How many ideas have you rejected this week? It’s tough to keep track given the velocity they come at us. (Heck, we get bombarded with 34 gigabytes of information including 100,000 words a day, not to mention what we think up for ourselves.) As children most of us were thoroughly trained to censor our thoughts before letting go with the ridicule inducing comment. (The Cubs are going to win the pennant! – ah, some of us never learn.) This sometimes serves us well. In the world of ideas it can be deadly. Ideas are fragile things in business. Any number of stray comments, poor politics, and concerted efforts at logic can drive a good idea (and it’s conceiver) into the mud. Problem is, most of the tools we use early on to sift through ideas are little more than personal opinion. But decisions must be made and so politics end … Continue reading
From the ideas from strange places department: Papaw didn’t get out to use his grill early enough this year and so someone else set up shop. Now, some would have said it is a bad idea to build a nest in a grill with summer parties around the corner. But mom and dad bird had a different idea. Metal roof. Small perfectly sized entrance. Back door for fast escape. Seems perfectly modern. In some places this would not have ended well. All the work disposed of to make room for ribs and burgers. But in this case they have found my in-laws, warm hearted folks who admire the birds creativity, spunk and stick-to-itiveness. So the new residents are protected and safe until they take flight. Even the dog is on watch for four-legged prowlers. Nature has a great way of finding new uses for under-used nooks and crannies. Discovering the … Continue reading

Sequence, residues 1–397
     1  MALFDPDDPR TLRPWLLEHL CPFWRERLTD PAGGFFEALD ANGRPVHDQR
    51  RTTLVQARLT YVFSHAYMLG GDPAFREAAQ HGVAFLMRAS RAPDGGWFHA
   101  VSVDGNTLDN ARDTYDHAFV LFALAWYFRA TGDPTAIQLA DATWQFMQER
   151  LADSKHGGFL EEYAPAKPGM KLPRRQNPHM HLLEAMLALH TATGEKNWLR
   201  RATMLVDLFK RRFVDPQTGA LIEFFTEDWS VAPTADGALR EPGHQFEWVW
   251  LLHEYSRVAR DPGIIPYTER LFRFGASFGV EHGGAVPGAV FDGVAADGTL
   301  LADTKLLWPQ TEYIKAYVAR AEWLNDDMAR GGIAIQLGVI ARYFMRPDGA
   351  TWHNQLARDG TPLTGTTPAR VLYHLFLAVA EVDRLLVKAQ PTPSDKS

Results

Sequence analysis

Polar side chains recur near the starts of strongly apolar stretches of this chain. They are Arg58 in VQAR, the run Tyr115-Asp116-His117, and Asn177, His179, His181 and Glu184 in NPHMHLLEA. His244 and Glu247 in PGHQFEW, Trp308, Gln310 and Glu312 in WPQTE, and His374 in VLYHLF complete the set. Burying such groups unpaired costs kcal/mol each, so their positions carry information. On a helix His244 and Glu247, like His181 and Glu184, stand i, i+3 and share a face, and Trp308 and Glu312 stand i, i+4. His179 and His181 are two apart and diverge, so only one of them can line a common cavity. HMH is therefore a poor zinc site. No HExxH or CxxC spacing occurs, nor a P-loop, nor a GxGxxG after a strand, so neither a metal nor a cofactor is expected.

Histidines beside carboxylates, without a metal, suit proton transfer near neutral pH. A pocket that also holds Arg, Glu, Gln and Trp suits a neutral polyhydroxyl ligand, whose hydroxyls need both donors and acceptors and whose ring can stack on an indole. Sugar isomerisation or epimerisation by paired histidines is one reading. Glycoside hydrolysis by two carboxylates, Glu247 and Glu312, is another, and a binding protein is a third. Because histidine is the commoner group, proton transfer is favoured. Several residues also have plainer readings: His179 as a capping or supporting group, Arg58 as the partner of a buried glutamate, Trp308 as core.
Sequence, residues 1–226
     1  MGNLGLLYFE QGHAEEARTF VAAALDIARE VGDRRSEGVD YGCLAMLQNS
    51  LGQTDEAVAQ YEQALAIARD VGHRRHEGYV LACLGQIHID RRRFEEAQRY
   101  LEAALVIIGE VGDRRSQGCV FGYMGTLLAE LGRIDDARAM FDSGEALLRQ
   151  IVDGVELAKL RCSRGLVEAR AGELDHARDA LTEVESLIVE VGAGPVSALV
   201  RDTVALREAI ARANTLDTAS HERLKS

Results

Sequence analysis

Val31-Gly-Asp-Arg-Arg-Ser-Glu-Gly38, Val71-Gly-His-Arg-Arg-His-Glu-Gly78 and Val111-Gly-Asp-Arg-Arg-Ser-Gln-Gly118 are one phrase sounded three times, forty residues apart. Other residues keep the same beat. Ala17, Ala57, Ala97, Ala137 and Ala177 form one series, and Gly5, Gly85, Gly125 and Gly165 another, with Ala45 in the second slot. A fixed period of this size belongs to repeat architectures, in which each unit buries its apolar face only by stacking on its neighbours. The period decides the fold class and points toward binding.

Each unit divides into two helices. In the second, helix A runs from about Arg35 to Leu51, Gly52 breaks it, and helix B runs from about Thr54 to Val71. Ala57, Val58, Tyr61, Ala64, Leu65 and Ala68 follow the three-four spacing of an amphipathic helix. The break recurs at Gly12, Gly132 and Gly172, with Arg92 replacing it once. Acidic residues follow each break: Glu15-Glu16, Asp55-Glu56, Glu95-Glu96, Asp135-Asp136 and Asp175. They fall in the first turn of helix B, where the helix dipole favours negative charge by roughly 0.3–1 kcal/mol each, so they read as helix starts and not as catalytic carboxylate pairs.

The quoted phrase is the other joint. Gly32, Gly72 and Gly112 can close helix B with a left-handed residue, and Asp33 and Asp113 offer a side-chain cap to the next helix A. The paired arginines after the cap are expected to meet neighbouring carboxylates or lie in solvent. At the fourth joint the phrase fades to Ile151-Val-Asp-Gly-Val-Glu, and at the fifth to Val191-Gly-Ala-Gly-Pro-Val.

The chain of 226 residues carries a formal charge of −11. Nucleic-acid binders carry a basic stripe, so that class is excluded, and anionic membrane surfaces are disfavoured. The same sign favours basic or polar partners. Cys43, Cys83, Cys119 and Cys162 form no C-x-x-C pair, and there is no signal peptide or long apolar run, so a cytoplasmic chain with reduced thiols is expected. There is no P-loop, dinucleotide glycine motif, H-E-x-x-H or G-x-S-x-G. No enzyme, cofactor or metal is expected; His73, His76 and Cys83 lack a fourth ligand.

Just one, really? Shouldn’t every department have creative sparks flying? I mean, you have hundreds of creative people in your organization. They discover things like solutions, work-arounds, sales pitches and efficiencies everyday. They just may not work with oil paints, colored pencils or Macs. Are you telling some that they are not creative by having a Creative Department? New FrogBlog Creativity Manifesto: All Department Names Will Include The Term ‘Creative.’ Could adding ‘creative’ to department names be freeing?
Quiznos’ new ad campaign. It made me laugh. But it did not make me hungry. Does that make it a bad ad? Attempting to get noticed, brand managers approve creative that some consider edgy – others decry as bad taste or even indecent. (In this case Quiznos’ approved a bit of locker room humor that intentionally ties a sub to a male body part. There are at least two versions, one slightly sanitized for earlier time slots.) Sometimes edgy works brilliantly, and sometimes it falls flat. The definition of edgy is high risk, but to be honest safe campaigns fail all the time as well. (Nothing risky about the bland Tropicana package redesign, right? Wrong.)
Rules of thumb often have unintended consequences. Several large organizations I’ve worked for instituted a $20 million in revenue hurdle. (The $ figure was sometimes higher, sometimes lower — but always a significant percentage of existing revenue.) The thought process is pretty straight forward: Why bother with an idea if it can’t make a meaningful contribution to overall revenue. In one fell swoop upper management gets to weed out ‘insignificant’ ideas and focus their attention on ‘ideas that matter’ and their golf game. Problem is – It is very difficult to get a consensus on the revenue potential of a game changer. Net Result? – The revenue hurdle takes on a life of its own. It becomes shorthand at every level of the organization. Ideas that masquerade as innovation (but are actually just obvious, competitively predictable business moves) float to the top.